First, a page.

Participants will engage in a fun, intensive week developing their technical foundation and understanding of playing the double bass. Throughout the week, students will learn the tools necessary for them to push forward in their musical development with classes on the skills of bowing and fingering the instrument as well as solo and ensemble double bass repertoire. In the process, students will develop a plan for daily practice to master technique and musical expression. Each morning culminates in Bass Ensemble, a great opportunity to play in Double Bass-only groups that develop ensemble skills while having fun. This is a week for developing Double Bassists to gain a strong foundation in scales, technical studies, sight-reading, and new music benefiting both their audition and classical performance skills.

Sample Daily Schedule

Hour 1: Warm ups, scales, and basic technique

Hour 2: Rotating schedule of special topics & music with shared playing, including a focus on audition taking and orchestra section leadership

Hour 3: Bass Ensemble

Program Highlights for Double Bassists

  • Fundamentals of chamber music: Double Bass duos, trios, quartets, and Bass Ensemble
  • Developing a daily practice routine
  • The how-to’s of audition preparation
  • Mock auditions
  • Solo performance
  • Introduction to Regional level repertoire

About Sue Powell

Laura KaneSusan Powell is a bassist with over 40 years of experience in teaching and performing. Her love for the bass began at the age of nine in the public schools. She graduated from the Juilliard School with a Bachelors and a Masters degree in Music Performance. She was also awarded the Frederick Zimmermann Memorial Scholarship award while there. Her major teachers included Fred Zimmermann and Homer Mensch. She studied the Suzuki teaching method for bass with Virginia Dixon at the University of Wisconsin.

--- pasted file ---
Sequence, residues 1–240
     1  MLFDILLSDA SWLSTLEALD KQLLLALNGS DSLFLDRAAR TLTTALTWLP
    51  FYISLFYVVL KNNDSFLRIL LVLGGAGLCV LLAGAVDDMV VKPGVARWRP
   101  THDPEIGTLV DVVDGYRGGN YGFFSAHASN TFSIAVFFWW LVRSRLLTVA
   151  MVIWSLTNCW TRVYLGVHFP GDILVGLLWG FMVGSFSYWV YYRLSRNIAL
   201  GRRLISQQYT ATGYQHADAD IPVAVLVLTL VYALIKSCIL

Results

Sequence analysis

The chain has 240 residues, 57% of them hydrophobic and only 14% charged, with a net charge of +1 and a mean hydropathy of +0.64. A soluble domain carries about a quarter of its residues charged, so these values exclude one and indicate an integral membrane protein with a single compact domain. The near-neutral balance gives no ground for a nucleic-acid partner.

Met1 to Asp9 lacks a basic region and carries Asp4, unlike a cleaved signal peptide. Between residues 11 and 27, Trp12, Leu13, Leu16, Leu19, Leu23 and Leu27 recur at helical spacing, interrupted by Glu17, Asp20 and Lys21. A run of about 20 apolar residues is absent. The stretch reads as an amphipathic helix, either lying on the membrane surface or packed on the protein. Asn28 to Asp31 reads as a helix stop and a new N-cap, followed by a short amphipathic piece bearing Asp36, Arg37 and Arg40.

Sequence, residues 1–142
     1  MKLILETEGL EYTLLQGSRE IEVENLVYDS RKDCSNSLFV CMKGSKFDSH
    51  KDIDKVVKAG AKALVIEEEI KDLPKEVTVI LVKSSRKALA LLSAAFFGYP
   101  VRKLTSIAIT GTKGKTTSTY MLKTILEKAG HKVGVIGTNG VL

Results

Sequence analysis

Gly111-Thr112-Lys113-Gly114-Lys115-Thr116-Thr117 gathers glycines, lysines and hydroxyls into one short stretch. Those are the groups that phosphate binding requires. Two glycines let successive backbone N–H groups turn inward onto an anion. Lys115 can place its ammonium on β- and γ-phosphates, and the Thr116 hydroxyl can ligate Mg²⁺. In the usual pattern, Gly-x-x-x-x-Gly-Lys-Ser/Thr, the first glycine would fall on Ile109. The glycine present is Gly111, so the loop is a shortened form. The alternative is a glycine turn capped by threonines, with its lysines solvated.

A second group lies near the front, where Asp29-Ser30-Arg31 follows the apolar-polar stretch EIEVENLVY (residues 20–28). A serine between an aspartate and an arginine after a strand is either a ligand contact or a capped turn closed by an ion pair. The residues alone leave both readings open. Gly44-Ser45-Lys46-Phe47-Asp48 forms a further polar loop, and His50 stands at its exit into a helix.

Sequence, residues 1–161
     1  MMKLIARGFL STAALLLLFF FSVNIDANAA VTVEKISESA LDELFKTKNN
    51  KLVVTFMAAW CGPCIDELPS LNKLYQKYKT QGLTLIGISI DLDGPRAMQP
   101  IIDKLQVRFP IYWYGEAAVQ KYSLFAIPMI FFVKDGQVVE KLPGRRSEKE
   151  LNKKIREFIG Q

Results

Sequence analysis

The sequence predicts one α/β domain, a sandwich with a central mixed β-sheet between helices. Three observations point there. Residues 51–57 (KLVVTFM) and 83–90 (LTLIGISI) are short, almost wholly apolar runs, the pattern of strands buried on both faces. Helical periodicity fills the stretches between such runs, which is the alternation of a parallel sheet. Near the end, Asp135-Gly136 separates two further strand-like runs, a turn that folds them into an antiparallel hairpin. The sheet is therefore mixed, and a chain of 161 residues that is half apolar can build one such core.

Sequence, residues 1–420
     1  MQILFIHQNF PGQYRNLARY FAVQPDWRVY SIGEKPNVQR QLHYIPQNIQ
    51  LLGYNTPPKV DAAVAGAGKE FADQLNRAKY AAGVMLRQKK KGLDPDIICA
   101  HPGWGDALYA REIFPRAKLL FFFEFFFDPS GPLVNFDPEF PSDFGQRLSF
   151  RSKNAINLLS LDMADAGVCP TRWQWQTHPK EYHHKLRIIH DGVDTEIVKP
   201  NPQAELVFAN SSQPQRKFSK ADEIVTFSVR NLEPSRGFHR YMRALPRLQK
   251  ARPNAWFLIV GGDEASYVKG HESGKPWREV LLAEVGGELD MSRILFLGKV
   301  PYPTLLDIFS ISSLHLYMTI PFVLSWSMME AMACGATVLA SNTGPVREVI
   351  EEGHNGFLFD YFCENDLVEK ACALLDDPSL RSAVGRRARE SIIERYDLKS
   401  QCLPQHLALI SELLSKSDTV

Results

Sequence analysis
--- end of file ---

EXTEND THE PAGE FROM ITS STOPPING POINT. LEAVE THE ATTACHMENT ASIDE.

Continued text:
Powell has performed with many orchestras and chamber ensembles, including the Hudson Valley Philharmonic, as Principal Bassist, for over 20 years. Others include the Northeastern Pennsylvania Philharmonic, Springfield Symphony Orchestra, Bridgeport Symphony, Buffalo Philharmonic, Orchestra New England, and the Lake George Opera Festival. Currently, she substitutes with the Hartford Symphony Orchestra and performs in other local groups.

Susan joined the Hartt Community Division faculty in 2007 and enjoys teaching students from beginner to college levels. All ages are welcome to learn with the Suzuki or traditional methods of teaching. She also teaches at the Loomis Chaffee school. Before moving to Connecticut, she taught at Vassar and Bard Colleges in New York, SUNY in New Paltz, and at the Eastern Music Festival in North Carolina during the summers. She is an energetic and committed teacher who also loves coaching the Hartt Community Division Bass Ensemble, which is open to any bassist wanting to perform with others who love the beautiful sounds of the bass.

Percussion with Adam DiPersio

Percussion student at HCDThis week of percussion studies will focus on the fundamentals of all percussion playing. Regardless of prior knowledge, we will work to provide a fun and individualized learning environment catered specifically to each student’s needs and give a strong foundation on snare drum, mallet percussion, timpani, auxiliary instruments, as well as a beginning introduction to world percussion. Each day will begin with group warm ups on snare drum and mallet percussion then move to a topic geared to enhancing student musicianship in relation to concert band, orchestral, solo, and chamber playing.

Sample Daily Schedule

9:00-10:00 – Warm up and technical practice

10–10:45 a.m.: Daily topic (snare drum, mallets, timpani, auxiliary, world percussion)

10:45–11 a.m.: Break

11–12 p.m.: Continuation of daily topic with a focus of application in band, orchestra, solo, and chamber playing.

If you have any questions, please get in touch with us at 860.768.4451 or harttcomm@hartford.edu